2017 Four-Year Institution Survey

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What is the content for the first or only semester of FYC? Check all that apply - Other - Text (n=64)

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  • A main component of our writing program that is not on this list is Rhetoric. FYS at [this institution] is not run by the writing program. There is a writing learning objective but we really have no input on curriculum pr pedagogy.
  • The topic for the first class is rhetoric.
  • process
  • public genres (e.g., op-ed, PSA)
  • Rhetoric (3 responses)
  • Rhetoric and composition
  • rhetoric, argumentation, and process
  • Rhetorical Concepts
  • Rhetorical theory, analysis and production of arguments
  • Rhetroical approach to teaching writing (audience, context, purpose; ethos, pathos, logos
  • Some faculty incorporate on cultural materials other than literature. Also, faculty use a mix of these approaches. No single course does all of this.
  • Students focus on academic writing through textual (non-literary analysis) and research-based writing.
  • The official recommended content is essays & poetry. This said, faculty also teach a range of other additional genres: film, photography, etc.
  • The only strictly required FYC course is Comp 2, which is research-focused. About 70% of undergrads also take at least Comp 1, which is genre-based.
  • There are general parameters for assignments, conferencing, portfolios, content, etc. However, individual instructors may also include themes, waw, teaching for transfer, etc.
  • Personal to Public
  • There is a common assignment as the last writing assignment so that students have a similar experience regardless of the teacher.
  • These courses have a source-based research writing requirement, but the specifics are up the individual instructors.
  • Transfer and research may start in ENG 101. But the focus is on "analysis and argument"
  • We are moving the program towards codified standards and have created an approved book list, and prohibitions (not teaching literature or creative writing) and requirements (such as distinguishing Comp I from Comp II by using rhetorical modes or other similar ways to incorporate greater or higher-order and critical thinking in Comp II than what we do in Comp I), but we are a work in process now in that area.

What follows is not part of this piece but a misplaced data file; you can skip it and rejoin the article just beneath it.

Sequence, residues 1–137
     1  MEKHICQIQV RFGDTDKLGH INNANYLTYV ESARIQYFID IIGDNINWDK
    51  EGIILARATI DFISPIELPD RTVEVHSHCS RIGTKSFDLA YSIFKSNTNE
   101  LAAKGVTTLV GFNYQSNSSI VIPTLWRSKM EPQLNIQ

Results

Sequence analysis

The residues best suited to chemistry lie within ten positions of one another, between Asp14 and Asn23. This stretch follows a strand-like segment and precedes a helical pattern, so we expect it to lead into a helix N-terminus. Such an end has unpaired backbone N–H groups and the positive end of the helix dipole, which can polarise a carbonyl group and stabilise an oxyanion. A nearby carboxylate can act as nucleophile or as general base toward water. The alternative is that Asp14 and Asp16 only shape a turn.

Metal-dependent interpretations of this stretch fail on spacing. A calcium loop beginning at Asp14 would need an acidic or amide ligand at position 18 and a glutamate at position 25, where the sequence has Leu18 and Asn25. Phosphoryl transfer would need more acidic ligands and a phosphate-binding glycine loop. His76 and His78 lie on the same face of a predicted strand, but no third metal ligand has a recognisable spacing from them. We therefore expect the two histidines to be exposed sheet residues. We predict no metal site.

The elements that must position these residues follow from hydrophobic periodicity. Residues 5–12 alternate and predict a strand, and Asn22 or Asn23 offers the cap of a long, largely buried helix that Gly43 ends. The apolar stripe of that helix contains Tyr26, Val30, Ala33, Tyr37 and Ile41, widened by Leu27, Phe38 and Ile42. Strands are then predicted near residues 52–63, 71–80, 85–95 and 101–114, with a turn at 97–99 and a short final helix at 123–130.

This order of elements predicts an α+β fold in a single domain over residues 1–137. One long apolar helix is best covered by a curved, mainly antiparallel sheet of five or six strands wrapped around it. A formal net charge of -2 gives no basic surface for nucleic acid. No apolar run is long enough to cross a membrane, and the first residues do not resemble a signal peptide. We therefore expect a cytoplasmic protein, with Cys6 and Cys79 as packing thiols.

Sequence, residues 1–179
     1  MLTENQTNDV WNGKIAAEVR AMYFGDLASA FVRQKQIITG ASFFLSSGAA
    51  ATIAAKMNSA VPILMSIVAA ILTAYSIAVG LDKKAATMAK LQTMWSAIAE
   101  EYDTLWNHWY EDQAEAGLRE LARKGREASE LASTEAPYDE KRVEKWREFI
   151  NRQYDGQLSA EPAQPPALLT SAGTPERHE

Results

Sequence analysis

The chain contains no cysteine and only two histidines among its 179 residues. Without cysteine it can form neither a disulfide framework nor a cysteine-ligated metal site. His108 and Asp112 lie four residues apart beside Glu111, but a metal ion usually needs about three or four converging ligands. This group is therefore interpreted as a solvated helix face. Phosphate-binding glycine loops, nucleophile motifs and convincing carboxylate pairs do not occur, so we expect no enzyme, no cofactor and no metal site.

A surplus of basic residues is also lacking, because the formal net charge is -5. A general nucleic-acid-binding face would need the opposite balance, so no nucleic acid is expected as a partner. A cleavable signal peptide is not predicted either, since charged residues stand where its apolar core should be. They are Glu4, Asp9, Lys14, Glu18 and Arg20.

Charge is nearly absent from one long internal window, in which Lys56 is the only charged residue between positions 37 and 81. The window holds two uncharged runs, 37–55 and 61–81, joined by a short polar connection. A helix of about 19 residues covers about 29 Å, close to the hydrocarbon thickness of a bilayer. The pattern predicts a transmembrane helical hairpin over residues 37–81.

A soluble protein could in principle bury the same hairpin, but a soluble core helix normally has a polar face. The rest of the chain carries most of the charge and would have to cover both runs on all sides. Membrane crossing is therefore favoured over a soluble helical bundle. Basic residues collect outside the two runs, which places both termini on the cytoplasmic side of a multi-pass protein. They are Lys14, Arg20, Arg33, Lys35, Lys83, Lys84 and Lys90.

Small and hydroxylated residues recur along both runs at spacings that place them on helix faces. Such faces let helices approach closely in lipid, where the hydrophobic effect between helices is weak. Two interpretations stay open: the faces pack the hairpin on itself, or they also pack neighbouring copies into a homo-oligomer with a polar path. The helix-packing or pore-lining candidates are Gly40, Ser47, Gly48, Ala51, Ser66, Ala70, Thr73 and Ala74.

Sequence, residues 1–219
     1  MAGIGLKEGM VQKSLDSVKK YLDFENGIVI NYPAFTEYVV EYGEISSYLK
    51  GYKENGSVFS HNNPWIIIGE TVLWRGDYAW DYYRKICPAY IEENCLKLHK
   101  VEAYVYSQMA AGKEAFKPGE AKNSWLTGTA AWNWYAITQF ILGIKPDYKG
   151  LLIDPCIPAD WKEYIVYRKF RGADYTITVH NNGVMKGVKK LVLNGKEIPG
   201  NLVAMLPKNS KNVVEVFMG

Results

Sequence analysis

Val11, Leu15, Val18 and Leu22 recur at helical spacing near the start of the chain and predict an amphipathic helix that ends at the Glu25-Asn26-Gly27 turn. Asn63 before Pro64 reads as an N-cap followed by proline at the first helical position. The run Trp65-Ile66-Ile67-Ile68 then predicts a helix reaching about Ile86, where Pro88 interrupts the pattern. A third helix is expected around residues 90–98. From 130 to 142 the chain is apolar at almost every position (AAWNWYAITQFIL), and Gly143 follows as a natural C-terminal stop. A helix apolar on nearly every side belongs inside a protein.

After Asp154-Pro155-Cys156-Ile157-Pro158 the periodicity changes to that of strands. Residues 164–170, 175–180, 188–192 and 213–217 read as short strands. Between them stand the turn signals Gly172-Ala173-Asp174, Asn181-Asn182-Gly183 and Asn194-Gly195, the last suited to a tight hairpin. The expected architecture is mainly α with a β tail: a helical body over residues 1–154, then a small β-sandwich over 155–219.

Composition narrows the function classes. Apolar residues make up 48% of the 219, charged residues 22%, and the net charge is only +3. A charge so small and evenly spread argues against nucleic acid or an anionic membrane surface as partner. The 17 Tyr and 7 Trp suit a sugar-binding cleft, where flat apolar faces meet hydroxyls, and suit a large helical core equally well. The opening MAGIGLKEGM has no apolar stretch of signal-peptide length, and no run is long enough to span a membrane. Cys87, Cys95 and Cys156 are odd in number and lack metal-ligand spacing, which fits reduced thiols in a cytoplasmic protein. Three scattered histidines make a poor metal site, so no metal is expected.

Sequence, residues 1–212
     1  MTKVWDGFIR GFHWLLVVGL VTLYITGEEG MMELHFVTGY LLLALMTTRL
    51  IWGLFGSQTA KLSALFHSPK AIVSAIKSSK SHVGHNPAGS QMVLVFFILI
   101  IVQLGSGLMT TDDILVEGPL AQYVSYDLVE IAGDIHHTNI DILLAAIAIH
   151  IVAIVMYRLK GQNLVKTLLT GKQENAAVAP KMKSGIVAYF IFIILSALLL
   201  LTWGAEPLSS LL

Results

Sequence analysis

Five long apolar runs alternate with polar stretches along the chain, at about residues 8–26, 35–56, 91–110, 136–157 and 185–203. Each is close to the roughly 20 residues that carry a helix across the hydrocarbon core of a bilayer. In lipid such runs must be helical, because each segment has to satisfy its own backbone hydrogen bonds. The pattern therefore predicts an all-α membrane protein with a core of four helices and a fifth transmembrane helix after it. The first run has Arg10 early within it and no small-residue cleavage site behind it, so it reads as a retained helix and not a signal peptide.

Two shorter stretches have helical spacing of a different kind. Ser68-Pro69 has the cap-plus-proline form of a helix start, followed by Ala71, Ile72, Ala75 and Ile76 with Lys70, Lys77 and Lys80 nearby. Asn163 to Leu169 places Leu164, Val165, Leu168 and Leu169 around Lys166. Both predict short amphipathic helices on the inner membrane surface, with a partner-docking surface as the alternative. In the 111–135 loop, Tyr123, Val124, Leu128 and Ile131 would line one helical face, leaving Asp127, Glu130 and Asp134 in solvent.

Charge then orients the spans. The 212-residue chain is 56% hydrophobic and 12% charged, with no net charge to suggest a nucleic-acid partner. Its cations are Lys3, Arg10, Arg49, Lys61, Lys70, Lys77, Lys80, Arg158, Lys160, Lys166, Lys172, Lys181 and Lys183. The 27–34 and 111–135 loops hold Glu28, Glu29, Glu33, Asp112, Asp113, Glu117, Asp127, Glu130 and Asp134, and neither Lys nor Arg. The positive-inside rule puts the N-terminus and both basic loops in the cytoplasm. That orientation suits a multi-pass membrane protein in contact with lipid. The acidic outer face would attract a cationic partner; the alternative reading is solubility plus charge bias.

• We follow WPA outcomes, and instructors have varied approaches. Writing a research paper is an expectation.
  • We have a two-semester "stretch" option that also meets the first-year writing requirement which aligns to the same content listed above.
  • We have common Identified Learning Outcomes for our FYW courses, but FT instructors have the liberty in the way they accomplish them, adjunct faculty are required to use the same test as the First Year Writing Coordinator which is Writing About Writing.
  • We have goals and practices that are expected to be met and followed, but besides requiring a multimodal assignment, instructors can meet those expectations in whatever way they want.
  • We have rhetorically based first-year writing courses (with emphases on audience, contexts, and purposes for writing and an additional emphasis on writing process). General education written communication requirement includes the following learning goal: "Write texts, in various forms, with an identified purpose, that respond to specific audience needs, integrate research or existing knowledge, and use applicable documentation and appropriate conventions of format and structure." In addition, department criteria state that students should be required to produce multiple drafts of writing projects and produce 25 pages of polished prose by the end of the semester. Teachers develop syllabi according to those outcomes.
  • We still have a "general writing" progression that include three papers, one analyzing a text, one analyzing a visual image, and a slightly longer research paper. The readings are relatively short nonfiction pieces.
  • We teach argumentation and rhetoric through a course theme chosen by each professor.
  • We use google docs and a shared google drive so that the writing the students do is read by all and used in the next assignment. "Content" is each other's writing.
  • WID: can take the form of a genre, rhetoric, or writing about writing course
  • Plagiarism
  • Our FYC course has outcomes in common, with an emphasis on rhetorical reading and writing. Students typically work with published non-fiction texts of various kinds (including scholarly and other articles, print and online, as well as books, videos, films, and images). Some emphasis is put on information literacy. Analysis is emphasized more than "argument." Some sections have a somewhat thematic focus, others do not.